Another View on Canal Piping: Water Security for Oregon

On March 19 the Bulletin ran a front-page story about Senator Merkely helping local irrigation districts “re-plumb” Central Oregon.  Piping local irrigation canals is needed and on the surface this is excellent news.  The devil is always in the details, however.

About 100 years ago, in an attempt to attract subsistence farmers to the wilderness of Central Oregon, water rights were granted to local irrigation districts to divert our rivers into the high desert.  Irrigators now have rights to 90% of local water, water that is not always used to produce food.

Note that water rights, not water ownership, were granted.  Oregon law states that the public owns all water.  Irrigation districts and others have rights to the water, but only if it is beneficially used for the public trust without waste.

In exchange for granting water rights, the public has not been paid a single penny while irrigators have profited.  In fact, along with granting rights at no charge, for decades the public has been subsidizing irrigators in many ways.  Senator Merkley and others before him have dramatically increased the public subsidy of local irrigation districts via funding for canal piping.  The public continues to get nothing.

Why don’t we demand that the irrigators who get the benefit of our water at least pay for their needed system upgrades?  Other businesses do.  The bottom line is that irrigators are a very successful special interest group.

According to a recent investigative series by The Oregonian, “Polluted by Money”, by many measures Oregon is among the most corrupt states in the nation.  In fact, more money is given to Oregon state legislators on a per capita basis than any other state.  We’re #1!  Unfortunately, the overwhelming majority of this money is not coming from the public, it comes from corporations and special interests.  Contributions from the farm lobby are the 6th largest in the nation while the US Department of Agriculture says Oregon is only #28 in the nation in terms of agriculture production.

Today, Oregon is facing a water crisis.  We have been in an extended period of drought that is going to get worse as our climate continues to heat.  According to the US Drought Monitor the recent series of storms have improved the situation from extreme to moderate drought but it will take much more precipitation to return moisture to the ground and replenish our aquifers.  At the same time, our growing population will require more and more water.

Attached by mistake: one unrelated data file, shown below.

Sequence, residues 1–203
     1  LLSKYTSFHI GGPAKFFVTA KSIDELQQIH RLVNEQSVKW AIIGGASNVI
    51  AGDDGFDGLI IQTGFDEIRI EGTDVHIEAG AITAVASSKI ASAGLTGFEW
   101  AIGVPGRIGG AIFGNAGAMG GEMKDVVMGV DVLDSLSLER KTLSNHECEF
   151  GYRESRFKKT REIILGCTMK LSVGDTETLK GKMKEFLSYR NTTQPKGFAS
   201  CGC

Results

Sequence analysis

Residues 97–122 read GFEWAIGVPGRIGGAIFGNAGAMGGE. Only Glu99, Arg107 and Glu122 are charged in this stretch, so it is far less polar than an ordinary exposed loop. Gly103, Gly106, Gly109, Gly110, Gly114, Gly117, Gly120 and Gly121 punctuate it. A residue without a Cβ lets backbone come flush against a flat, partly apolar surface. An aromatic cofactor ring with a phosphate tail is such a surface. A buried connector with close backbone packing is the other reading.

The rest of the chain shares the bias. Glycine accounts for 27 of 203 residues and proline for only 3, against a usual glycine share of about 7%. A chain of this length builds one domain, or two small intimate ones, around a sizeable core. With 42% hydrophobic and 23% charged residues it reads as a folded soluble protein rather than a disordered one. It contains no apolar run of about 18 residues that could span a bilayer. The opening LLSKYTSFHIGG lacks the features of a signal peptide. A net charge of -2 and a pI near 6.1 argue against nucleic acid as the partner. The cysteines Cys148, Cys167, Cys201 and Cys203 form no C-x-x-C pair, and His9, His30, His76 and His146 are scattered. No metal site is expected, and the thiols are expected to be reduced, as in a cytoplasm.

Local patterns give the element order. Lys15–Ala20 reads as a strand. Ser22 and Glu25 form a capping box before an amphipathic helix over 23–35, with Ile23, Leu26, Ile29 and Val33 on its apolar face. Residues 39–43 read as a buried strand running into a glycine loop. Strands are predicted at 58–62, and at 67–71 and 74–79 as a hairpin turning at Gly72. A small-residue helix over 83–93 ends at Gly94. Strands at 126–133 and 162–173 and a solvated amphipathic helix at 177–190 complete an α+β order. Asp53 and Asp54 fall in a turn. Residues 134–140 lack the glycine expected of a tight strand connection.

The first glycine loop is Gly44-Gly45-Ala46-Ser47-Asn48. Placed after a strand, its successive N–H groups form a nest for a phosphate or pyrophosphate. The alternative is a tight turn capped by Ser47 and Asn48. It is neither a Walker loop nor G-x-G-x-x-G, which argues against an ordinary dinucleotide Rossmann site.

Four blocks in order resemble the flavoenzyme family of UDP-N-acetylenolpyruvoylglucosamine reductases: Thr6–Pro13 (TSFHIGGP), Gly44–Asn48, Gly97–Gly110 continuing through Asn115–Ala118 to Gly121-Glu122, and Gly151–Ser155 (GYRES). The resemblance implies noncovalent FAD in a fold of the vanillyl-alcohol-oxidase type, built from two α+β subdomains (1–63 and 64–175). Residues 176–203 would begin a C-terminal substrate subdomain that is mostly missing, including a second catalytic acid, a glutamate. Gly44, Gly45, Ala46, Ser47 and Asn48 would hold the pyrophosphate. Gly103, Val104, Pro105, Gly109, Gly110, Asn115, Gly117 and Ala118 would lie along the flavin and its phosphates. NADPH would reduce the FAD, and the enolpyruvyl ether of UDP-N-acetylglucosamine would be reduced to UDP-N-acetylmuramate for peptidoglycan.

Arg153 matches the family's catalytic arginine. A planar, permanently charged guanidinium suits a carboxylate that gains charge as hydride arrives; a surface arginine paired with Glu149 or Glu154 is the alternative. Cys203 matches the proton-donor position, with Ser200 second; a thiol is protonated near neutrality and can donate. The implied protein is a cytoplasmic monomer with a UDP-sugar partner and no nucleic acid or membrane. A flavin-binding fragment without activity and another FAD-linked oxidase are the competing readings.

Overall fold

Oregon’s water supplies have been over appropriated and mismanaged for decades, it is now time to tackle this issue with urgency before it becomes a crisis.  We need to fundamentally reform antiquated laws, regulations, and practices.

  • Charge for water. Currently, water is diverted from rivers and lakes or pumped from the ground with no remuneration to the public.  “Free” water leads to inefficient use.  Charging a fair market rate would eliminate countless wasteful practices and drive conservation via upgraded delivery systems all the way through to the end point.  Separate rates could be established based on use.  For example, the lowest rates would be for municipal use and high value agriculture, then industrial, then low value agriculture / hobby farming.  Proceeds would be used for a range of conservation initiatives along with aquatic habitat restoration.
  • Measure water use. Shockingly, this is not done today leading to massive over use.  Water extracted from lakes, rivers, or via groundwater pumping must be measured and metered.  Water use must be measured at the system and individual water right holder level.  Costs to implement metering must be borne by whomever derives benefit from the water.
  • Define beneficial use and waste. Today, a water right holder can maintain that right by “beneficially” using water without “waste”, but these terms are not well defined.  Beneficial use can be satisfied by simply watering the ground.  Today, watering rocks and weeds is of equal value to growing food, providing drinking water, or keeping rivers healthy.  Beneficial use and waste must be defined in a more granular fashion.  There should be a correlation between the cost of water, amount of water, and its use – and waste cannot be tolerated.
  • Provide water to ecosystems. Water right holders should be able to surrender their right and return water to rivers, lakes, and aquifers rather than to other users regardless of irrigation district policies currently blocking this.  Returned water should first be allocated in-stream, clearly ecosystems should have the most senior water rights.  Once minimum ecosystem needs are met, water can then be allocated to junior right holders.

Without fundamental reform of Oregon’s water laws, regulations, and practices, lack of water will impact us all in the foreseeable future.  We can avoid our looming water security crisis by using simple market economics.  The recently concluded Basin Study Work Group showed that on-farm conservation and efficiency approaches driven by economic self-interest can be implemented more quickly, at far less cost, and with significantly more environmental benefit than massive taxpayer-subsidized infrastructure projects.

Change can happen.  It must or we will all suffer as the planet heats and our population grows.